Diversifying cash crops: Tree Crops Development Authority launches five-year strategic plan

BY: Severious Kale-Dery & Justice Agbenorsi
Diversifying cash crops
Diversifying cash crops

On September 29, 2020, President Nana Addo Dankwa Akufo-Addo inaugurated a 29-member Board of Directors of the Tree Crops Development Authority (TCDA), chaired by Stephen Sekyere-Abankwa, with a former Deputy Minister of Agriculture, William Quaitoo, as the Chief Executive of the authority.

Other members are a representative each from the Ministries of Food and Agriculture, Trade and Industry and Finance. Additionally, stakeholders in the selected tree crops have four directors each on the board to make up the 29-member board.


The TCDA, with headquarters in Kumasi, has the responsibility to spearhead the diversification of the agricultural sector, with a focus on the development of tree crops and the consequential benefits to accrue to the country.

Started with six out of the seven tree crops being promoted under the Planting for Export and Rural Development (PERD) programme — cashew, oil palm, shea, coconut, mango and rubber, the TCDA is modelled along the lines of the Cocoa Marketing Board (COCOBOD).

Per its operation, the TCDA is positioning the country to earn about $16 billion annually from the six selected tree crops from 2028. This is to diversify the overreliance on cocoa as the major export commodity of the country, with an annual income of about $2.5 billion.

Game changer

It is surprising and unacceptable that 70 years after the establishment of COCOBOD, the country remains a mono-crop agricultural economy.

So, during the inauguration of the authority, President Akufo-Addo described it as a game-changer, stating that the selected crops had the potential to change the economy of the country and overtake cocoa as its major cash crop.

To actualise the expectation of the President, the TCDA last week launched a five-year strategic plan to nurture a competitive and sustainable tree crops industry.

The plan, covering a period of 2022 to 2027, is expected to rake in $12 billion annually from the six key tree crops.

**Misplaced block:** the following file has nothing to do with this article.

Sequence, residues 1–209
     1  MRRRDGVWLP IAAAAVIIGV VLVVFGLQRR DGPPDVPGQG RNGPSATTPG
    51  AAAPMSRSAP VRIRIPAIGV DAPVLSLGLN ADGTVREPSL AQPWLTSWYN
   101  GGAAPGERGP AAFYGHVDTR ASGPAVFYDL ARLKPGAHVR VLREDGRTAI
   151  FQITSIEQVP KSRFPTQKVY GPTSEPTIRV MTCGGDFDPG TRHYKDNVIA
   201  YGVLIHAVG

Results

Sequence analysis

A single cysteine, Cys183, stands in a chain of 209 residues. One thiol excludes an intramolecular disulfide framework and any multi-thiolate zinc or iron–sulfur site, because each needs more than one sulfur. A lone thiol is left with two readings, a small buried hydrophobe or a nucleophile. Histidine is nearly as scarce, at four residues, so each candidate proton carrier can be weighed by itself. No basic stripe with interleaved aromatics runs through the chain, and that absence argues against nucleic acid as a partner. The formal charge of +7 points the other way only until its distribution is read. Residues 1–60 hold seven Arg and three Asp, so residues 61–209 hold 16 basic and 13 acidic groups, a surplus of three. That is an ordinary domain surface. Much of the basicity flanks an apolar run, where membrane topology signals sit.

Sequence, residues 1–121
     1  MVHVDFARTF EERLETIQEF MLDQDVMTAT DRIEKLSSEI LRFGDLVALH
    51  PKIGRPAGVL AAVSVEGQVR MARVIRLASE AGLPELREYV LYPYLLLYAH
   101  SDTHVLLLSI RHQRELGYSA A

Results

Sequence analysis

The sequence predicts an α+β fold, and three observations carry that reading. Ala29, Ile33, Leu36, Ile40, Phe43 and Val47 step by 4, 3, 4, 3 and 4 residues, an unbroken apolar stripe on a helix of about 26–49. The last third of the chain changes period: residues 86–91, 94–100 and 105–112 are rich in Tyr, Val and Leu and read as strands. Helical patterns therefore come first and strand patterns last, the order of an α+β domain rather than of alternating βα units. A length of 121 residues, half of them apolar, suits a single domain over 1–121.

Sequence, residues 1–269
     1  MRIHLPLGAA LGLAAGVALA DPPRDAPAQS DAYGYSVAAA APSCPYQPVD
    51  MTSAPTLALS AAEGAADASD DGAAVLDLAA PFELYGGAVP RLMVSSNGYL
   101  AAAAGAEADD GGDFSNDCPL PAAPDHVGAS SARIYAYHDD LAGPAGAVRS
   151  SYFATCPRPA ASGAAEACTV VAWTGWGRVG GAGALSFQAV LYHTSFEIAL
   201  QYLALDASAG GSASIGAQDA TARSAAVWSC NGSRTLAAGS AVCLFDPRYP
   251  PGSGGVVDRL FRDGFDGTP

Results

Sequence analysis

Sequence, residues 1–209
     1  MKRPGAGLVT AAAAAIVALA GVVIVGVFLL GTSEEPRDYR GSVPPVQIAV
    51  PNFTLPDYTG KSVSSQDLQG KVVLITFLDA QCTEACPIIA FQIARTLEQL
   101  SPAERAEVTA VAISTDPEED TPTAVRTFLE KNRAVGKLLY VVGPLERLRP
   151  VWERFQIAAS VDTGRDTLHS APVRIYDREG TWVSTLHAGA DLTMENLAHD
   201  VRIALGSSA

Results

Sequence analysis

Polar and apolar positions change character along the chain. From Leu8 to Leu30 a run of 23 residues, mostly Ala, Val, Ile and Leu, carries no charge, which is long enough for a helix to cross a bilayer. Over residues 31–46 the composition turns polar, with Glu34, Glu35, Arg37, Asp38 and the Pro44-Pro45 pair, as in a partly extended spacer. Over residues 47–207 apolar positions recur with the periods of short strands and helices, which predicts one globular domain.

The strategic plan will also serve as an investment framework to guide the mobilisation of both public and private investments for the development of a sustainable tree crops industry in the country.

TCDA developed the plan with technical assistance from the International Finance Corporation (IFC), the private sector lending arm of the World Bank Group, and funded by the Swiss State Secretariat for Economic Affairs (SECO).


Launching the plan in Accra, the Minister of Food and Agriculture, Dr Owusu Afriyie Akoto, explained that for more than a century, the country had relied on cocoa as a major cash crop and a source of foreign exchange earnings.

He said in spite of the abundance of arable land suitable for cocoa production, such a golden opportunity was under threat as a result of deforestation, climate change and other human-caused environmental destruction, adding: “As a result, the amount of land suitable for cocoa production has decreased significantly”.

Dr Akoto said the framework for the tree crops industry's transformation was an essential component of Ghana's inclusive economic transformation goal for long-term growth.

Golden opportunity

Describing the plan as a golden opportunity for stakeholders including development partners, Dr Akoto said it would efficiently align their resources and commitments for mutual accountability as they worked together to address the challenges within the tree crop industry.

“In comparison, over 1.6 million farm households cultivate tree crops other than cocoa.”

“So, the tree crop subsector is a great way to diversify the economy by creating more jobs, reducing poverty, making sure there is enough food, making money in foreign currencies, and adding to the Gross Domestic Product (GDP),” he said.

He added that while the county’s tree crop industry had enormous potential, it was faced with systemic challenges such as low productivity, poor quality produce, price volatility, limited access to finance and markets, and a sub-optimal regulatory environment, all of which contributed to a non-competitive and unsustainable industry hence the establishment of the authority.

Giving the operations of the framework, Mr Quaitoo explained that it was divided into four broad strategic focus areas with emphasis on support for adaptive research; production and value chain support; capacity-building support to value chain actors, and licensing and regulation.

He said the authority would continue to inspire innovation by investing in Research and Development to explore competitive and sustainable ways to create traceable tree crops supply chains and market systems.